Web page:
A new report, however, reveals that the pine marten is starting to regain a foothold in parts of England and Wales.Conservation groups have reported sightings in 25 "hot spots" around the Lake District, Yorkshire, Snowdonia and even as far south as Staffordshire.Experts using DNA testing have also found evidence of pine martens in the Cwm Rheidol valley, near Aberystwyth, Wales, for the first time in 50 years.
"It now looks like there is evidence of pine martens in England and Wales for the first time since they are thought to have died out (in 1994)," said zoologist Professor David MacDonald, "There are still question marks over how viable those populations are, but it is a positive result in those areas that contrasts quite starkly with how pine martens are seen in the north of Scotland.They are relatively widespread there, but are not universally welcomed as the game keeping fraternity regard them as pests that prey upon pheasants and capercaillie."
Pine martens were once common across much of the UK, living in predominantly wooded areas and sections of moorland where they preyed upon small rodents, birds, insects and eggs. They were heavily hunted and poisoned by landowners who feared they were damaging game bird populations.In 1988 they were given full protection under the Wildlife and Countryside Act but continued to decline and by 1994 had disappeared from England and Wales.They are now thought to be the UK's second rarest carnivore after the Scottish wildcat.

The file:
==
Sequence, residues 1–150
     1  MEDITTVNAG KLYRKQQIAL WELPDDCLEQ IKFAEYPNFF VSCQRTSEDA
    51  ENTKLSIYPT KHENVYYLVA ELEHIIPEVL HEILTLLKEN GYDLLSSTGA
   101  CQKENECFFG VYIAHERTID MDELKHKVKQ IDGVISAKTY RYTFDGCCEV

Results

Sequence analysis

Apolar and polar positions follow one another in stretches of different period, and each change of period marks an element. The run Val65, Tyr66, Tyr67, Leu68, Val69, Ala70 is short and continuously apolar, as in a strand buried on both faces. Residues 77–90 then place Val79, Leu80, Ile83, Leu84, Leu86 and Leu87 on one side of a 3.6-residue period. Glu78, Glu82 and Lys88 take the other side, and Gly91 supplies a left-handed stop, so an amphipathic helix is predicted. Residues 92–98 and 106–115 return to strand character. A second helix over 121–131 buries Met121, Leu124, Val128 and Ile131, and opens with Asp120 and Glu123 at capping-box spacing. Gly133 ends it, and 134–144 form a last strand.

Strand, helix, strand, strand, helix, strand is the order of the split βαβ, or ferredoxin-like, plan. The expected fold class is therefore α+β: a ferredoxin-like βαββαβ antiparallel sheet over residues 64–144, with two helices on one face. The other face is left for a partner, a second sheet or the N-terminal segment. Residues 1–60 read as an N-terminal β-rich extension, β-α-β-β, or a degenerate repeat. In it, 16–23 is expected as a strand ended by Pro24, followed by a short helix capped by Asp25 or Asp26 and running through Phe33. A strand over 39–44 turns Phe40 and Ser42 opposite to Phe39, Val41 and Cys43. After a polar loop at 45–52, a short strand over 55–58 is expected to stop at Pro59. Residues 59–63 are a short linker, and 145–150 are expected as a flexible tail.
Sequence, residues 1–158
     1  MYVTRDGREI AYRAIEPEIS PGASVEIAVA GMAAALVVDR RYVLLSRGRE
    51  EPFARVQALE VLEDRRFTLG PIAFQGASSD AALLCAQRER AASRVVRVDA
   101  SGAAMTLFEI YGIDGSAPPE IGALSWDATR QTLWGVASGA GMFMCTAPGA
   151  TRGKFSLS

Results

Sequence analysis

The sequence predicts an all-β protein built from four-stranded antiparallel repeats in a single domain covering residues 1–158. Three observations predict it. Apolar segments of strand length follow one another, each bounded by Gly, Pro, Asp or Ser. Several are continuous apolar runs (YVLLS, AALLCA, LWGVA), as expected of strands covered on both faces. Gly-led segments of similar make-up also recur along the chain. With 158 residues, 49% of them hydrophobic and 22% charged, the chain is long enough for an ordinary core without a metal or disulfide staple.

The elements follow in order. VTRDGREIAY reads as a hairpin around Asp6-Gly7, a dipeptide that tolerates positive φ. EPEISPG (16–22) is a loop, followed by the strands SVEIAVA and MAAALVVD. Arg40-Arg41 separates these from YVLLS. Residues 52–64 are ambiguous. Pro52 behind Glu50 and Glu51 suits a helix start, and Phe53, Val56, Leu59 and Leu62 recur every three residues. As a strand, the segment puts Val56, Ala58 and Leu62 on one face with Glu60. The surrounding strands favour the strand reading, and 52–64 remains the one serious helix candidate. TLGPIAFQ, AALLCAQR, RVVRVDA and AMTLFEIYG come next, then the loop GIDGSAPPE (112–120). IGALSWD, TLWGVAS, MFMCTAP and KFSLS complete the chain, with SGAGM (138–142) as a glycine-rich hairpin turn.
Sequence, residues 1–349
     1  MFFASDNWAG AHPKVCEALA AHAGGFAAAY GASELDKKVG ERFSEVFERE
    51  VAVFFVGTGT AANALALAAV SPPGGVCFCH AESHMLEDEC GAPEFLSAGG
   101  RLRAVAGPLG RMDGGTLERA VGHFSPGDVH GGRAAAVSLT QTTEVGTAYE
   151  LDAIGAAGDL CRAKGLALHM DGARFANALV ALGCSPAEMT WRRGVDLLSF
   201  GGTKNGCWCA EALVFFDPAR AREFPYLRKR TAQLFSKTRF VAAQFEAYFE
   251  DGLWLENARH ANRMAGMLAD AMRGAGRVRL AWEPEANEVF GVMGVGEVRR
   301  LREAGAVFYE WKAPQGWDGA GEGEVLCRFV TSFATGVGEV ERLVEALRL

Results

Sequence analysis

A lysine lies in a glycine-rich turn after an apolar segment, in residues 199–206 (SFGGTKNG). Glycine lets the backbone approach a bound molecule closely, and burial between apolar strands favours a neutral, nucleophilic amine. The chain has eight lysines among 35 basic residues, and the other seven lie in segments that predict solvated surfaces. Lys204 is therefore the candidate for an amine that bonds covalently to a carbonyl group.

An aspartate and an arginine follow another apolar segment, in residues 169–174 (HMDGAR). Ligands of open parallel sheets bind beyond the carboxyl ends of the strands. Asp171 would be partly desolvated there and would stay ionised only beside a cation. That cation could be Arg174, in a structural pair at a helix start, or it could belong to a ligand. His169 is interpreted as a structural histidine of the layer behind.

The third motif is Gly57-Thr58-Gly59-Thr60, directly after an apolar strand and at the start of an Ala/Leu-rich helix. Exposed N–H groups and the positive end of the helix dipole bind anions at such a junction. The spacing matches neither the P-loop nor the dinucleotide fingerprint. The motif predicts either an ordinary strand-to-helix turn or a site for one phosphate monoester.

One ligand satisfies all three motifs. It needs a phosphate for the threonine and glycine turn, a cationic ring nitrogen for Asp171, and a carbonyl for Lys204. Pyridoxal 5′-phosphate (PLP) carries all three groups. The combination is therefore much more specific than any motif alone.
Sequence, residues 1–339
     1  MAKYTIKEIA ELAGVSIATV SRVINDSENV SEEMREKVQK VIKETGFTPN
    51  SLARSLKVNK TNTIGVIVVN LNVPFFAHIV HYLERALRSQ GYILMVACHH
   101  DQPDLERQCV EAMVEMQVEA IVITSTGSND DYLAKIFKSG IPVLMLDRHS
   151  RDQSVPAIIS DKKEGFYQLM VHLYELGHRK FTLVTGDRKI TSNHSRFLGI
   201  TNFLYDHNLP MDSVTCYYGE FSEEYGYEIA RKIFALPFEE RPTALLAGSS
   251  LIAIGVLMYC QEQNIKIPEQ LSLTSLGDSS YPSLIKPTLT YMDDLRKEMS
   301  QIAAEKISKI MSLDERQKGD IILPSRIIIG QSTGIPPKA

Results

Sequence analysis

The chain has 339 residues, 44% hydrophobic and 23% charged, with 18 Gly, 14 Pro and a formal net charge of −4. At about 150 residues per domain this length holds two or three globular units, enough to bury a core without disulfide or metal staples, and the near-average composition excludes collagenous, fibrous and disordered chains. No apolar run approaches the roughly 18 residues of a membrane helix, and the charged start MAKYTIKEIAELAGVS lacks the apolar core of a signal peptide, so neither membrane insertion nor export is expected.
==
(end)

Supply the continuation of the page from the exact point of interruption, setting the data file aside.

Recent research has also revealed that the creatures are widespread across much of Northern Ireland. The UK as a whole is thought to be home to more than 3,600 pine martens.It is not known whether the pine martens in England and Wales came across the border from Scotland, or were isolated populations which have managed to survive unnoticed until now.The Forestry Commission is also attempting to capture pictures of the shy mammals on film by baiting camera traps with jam and peanut butter, a favourite treat for pine martens, which have a sweet tooth particularly over the winter months when they normally eat berries.
Brian Walker, wildlife officer at the Forestry Commission, added: "We have had some very reliable sightings by national park rangers. There is a lot to suggest they are living on the Yorkshire Moors now. Of course, the real clincher will be to get some DNA or a good photograph as we can't ask for money to conserve a species until we can prove it is really living here."
Northumberland Wildlife Trust will next year also begin a new pine marten monitoring scheme to provide estimates of the pine marten populations living in the area.Steve Lowe, conservation manager at Northumberland Wildlife Trust, said: "Northumberland Wildlife Trust receives regular reports of pine marten sightings across the county. Located just south of the pine marten's traditional stronghold in Scotland, Northumberland is of particular interest to researchers."
There are relatively few good news stories to go round but it's glad to end the year on one.